Event producer Gina Rosales recalls that she and Desi Danganan—the executive director of Cultivate Labs, the nonprofit that runs the market—were brainstorming ideas for a launch party to kick off the cultural district when they came up with the night market concept, an idea that eventually snowballed into this massive indoor and outdoor Filipino cultural festival, generally held on the third Friday of every month, at the San Francisco Mint. “We are creating an extension of our home to showcase for others to come to visit,” Rosales says. “Not just San Francisco, but what does the Filipino American community in the Bay Area feel like, and look like, and sound like, and taste like?”

To be sure, unlike the two night market– themed restaurants, Undiscovered SF traces its roots to Asian America rather than to Asia proper. The primary model, Danganan says, was never the palengke night markets that you can find all over Manila, but rather some combination of Off the Grid, Outsidelands, and the Renegade Craft Fair. The food is what Danganan calls the “third wave” of Filipino cuisine in America—not steam-table joints (the first wave) or Frenchy fine dining (the second), but next-generation Filipino American chefs “flipping Filipino food in a hundred different directions,” whether that be via lumpia that tastes like a cheeseburger or a Filipino-Mexican burrito stuffed with pork sisig.

With its mix of food trucks and food carts, all lined up in a row, the main outdoor food area of the October edition of Undiscovered looked and felt, truth be told, not so dissimilar to an average-size Off the Grid—except with almost all Filipino vendors and maybe a 40 percent higher chance of an impromptu outdoor hip-hop dance party breaking out. What was notable, though, was a certain kind of diversity of vendors that you might not find at your typical food truck festival. Yes, the October lineup featured perennial favorites like Señor Sisig and the Lumpia Company, the latter of which was dishing out lumpia stuffed, variously, with spicy ramen and Mexican elote. The Pinoy Heritage pop-up, run by fine-dining veteran Francis Ang, was serving precise, gorgeous, “chef-y” food: grilled chicken skewers ($6) coated, strikingly, in black coconut ash, and sisig fried rice ($8) topped with bits of crispy pork skin and a creamy-yolked poached egg.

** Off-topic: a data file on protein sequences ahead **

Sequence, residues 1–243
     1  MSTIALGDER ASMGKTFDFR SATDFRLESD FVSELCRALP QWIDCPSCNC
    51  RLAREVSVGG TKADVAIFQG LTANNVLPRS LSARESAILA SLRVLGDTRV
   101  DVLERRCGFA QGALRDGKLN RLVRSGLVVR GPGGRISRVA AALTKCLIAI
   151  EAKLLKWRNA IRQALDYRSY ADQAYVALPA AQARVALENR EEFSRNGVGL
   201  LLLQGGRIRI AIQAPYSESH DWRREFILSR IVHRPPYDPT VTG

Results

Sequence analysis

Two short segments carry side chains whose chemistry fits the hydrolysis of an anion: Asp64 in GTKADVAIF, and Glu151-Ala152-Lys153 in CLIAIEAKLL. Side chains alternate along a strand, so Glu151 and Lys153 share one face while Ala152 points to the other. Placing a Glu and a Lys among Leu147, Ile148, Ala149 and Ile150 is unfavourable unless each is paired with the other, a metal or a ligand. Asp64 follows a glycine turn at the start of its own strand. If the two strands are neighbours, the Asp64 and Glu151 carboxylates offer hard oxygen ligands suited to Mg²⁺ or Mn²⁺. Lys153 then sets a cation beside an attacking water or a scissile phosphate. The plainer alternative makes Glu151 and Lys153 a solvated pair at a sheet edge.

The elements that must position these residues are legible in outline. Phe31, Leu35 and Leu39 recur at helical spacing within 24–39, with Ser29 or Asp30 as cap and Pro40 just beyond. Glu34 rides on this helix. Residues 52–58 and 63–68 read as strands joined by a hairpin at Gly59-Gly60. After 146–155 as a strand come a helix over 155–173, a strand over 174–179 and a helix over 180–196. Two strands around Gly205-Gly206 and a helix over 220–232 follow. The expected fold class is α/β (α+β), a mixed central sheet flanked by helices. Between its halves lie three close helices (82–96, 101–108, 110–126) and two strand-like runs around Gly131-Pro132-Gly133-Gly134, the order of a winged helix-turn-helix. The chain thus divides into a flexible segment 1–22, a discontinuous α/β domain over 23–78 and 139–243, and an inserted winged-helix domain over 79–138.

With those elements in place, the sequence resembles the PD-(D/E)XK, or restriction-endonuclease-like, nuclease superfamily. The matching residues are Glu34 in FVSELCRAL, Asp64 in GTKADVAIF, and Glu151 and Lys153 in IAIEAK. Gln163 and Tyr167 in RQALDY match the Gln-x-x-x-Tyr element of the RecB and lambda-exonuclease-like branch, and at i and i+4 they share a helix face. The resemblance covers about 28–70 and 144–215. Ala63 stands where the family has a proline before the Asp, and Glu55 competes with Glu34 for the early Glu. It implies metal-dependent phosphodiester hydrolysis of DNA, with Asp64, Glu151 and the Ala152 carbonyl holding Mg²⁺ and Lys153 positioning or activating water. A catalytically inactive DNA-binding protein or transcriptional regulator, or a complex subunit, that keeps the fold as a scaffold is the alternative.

But there were also fresh-faced stands like P.I. Wings, which was serving its specialty— fried chicken wings ($10) with the flavors of traditional Filipino dishes like kare kare and pungent, fermented-fish-spiked Bicol Express—to the public for the very first time. It probably had the longest line of all.

The next edition of Undiscovered will be a smaller, holiday-gift-oriented market on December 16. After that, it will go on hiatus until the spring. And while there’s no immediate plan to expand the market’s once-amonth schedule, Danganan says it isn’t so crazy to think that it might eventually straddle both days of the weekend. After that, who knows? Maybe it would open every week, and then every day. “Every day,” Danganan says, “means a new cultural district.”

The Night Market 230 S. Spruce Ave. (At Myrtle Ave.), South San Francisco, 650-634-8388
Shihlin Taiwan Street Snacks 2521 Durant Ave. (Near Telegraph Ave.), Ste. E, Berkeley, 510-429- 4166
Undiscovered SF San Francisco Mint, 88 5th St. (At Mission St.); Dec. 16, Noon–8 P.M., Covo, 981 Mission St. (Near 6th St.)


Originally published in the December issue of San Francisco